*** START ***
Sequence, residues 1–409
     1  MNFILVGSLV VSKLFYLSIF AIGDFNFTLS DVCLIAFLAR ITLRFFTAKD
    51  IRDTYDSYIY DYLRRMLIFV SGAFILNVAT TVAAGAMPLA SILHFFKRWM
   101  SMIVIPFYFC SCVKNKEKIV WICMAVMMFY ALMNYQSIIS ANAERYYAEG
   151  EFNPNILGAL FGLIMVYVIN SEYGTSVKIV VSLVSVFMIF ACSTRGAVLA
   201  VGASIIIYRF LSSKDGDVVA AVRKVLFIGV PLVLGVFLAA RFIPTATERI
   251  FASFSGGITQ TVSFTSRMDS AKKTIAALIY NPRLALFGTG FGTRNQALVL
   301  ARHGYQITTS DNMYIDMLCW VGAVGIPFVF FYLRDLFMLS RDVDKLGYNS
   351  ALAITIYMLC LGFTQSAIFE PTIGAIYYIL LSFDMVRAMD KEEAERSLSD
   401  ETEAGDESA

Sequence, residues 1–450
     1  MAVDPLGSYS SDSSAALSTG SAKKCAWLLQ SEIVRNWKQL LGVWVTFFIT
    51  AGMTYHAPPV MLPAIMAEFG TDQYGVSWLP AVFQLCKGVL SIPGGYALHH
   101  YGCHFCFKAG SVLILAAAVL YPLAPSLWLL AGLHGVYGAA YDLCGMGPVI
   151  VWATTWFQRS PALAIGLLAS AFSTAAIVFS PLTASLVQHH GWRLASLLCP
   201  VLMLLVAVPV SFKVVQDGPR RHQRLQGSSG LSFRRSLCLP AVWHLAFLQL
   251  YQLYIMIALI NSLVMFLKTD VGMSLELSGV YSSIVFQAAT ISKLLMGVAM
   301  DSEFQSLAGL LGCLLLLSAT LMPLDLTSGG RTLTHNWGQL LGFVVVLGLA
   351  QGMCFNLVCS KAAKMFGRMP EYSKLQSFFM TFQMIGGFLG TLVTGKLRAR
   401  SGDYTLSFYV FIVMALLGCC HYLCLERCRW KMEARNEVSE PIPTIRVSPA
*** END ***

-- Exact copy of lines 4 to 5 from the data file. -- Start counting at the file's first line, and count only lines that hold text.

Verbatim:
   101  SMIVIPFYFC SCVKNKEKIV WICMAVMMFY ALMNYQSIIS ANAERYYAEG
   151  EFNPNILGAL FGLIMVYVIN SEYGTSVKIV VSLVSVFMIF ACSTRGAVLA